Is the squirrel injured?
A baby squirrel has the best chance of survival when it is cared for by its mother. Before intervening, we want to make sure the squirrel really needs our help. Keep in mind that many times young squirrels that are found on the ground are completely healthy. They are not orphans and may simply need help being reunited with their mothers.
A baby squirrel needs to be rescued for the following reasons:
- It is bleeding, has an open wound, or has a broken bone.
- It has been in a cat’s or dog’s mouth.
- It is covered in fly eggs (these look like small grains of rice).
- It is cold, wet, or crying nonstop.
Still unsure if the squirrel you found needs assistance? The next step is to determine the age of the squirrel to see if intervention is needed.
Found a juvenile squirrel?
Juvenile squirrels look like miniature adult squirrels.
- Does the squirrel have a fluffed-out tail?
- Is its body longer than 6” (not including tail)?
If so this is a juvenile squirrel like the picture to the right. Squirrels are independent at 10-12 weeks old, and in most cases when you find a juvenile squirrel you do not need to intervene.
However, if the juvenile squirrel is approaching humans or pets it could be a sign that it is hungry or sick and should be brought to a rehabilitator. Always wear thick gloves (like gardening gloves) when attempting to handle a juvenile squirrel as they can bite.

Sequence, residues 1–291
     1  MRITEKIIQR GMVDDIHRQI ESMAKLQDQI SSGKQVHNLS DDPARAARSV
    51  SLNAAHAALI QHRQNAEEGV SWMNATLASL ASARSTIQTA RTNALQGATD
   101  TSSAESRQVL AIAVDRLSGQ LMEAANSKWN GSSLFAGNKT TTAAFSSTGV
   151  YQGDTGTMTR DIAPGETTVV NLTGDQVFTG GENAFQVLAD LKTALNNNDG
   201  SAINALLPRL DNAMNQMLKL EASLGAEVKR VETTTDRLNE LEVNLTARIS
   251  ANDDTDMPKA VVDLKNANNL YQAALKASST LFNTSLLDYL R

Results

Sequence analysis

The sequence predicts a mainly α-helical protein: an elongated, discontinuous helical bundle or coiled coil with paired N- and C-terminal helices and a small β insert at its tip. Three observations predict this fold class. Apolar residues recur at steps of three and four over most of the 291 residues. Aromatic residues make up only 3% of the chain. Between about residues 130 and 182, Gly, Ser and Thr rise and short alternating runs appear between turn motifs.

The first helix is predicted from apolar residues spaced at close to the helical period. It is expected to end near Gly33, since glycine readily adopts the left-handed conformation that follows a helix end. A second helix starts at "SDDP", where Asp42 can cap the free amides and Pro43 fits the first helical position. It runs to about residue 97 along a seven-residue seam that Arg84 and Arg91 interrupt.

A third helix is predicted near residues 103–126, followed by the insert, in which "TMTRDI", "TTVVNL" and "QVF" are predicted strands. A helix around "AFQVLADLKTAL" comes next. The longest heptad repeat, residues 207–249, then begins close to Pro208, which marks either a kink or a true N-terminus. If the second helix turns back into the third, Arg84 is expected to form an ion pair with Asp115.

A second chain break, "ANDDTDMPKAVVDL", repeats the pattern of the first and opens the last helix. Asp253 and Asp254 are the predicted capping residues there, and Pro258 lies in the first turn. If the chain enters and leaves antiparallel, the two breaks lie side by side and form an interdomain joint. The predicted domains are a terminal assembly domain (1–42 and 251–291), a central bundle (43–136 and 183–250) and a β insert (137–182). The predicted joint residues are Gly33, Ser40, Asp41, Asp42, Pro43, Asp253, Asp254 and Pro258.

Found an infant squirrel?
Depending on their age, infant squirrels may have a short, thin, coat of fur or no fur yet at all (see pictures below). They have a thin tail (not bushy) and their eyes may be closed or may have just opened. If you have found an infant squirrel its best chance for survival is to be reunited with its mother.
- In order to reunite an infant squirrel with its mother the baby must be warm. Place uncooked rice or bird seed in a sock and warm in the microwave for 20-30 seconds. Wrap the sock in a soft towel and place it with the baby in an open container (e.g., a box). Do not give the baby food or water.
- Return the squirrel to its nesting tree — this should be a tree in the immediate area where the squirrel was found. If you don’t know which tree the squirrel’s nest is in, or if the nest was destroyed, then choose a tree closest to where the squirrel was found. Squirrel nests can either be in tree cavities, or in “dreys” — the big balls of dried leaves at the tops of trees.
- Place the squirrel in a small open container such as a tissue box or wicker basket and attach the container to the tree. Secure it using a robe or bungee cord. Keep children, dogs, and cats out of the area.
Observe the baby squirrel from a distance for the next six to eight hours of daylight. Reheat the rice/birdseed bag every two hours. Has the mother returned to retrieve her baby?
- If YES … congratulations! You helped reunite a baby with its mother. This is best for the squirrel!
- If NO, take the squirrel to the nearest wildlife rehabilitator.
NOTE: Each animal’s nutritional, housing, and handling requirements are very specific and must be met if the animal has any chance of survival. It is best not to feed a wild animal any food or water as this can cause more harm than good. Cow’s milk and human milk replacers will make wild animals sick. Raising a wild animal in captivity without the proper training is never recommended.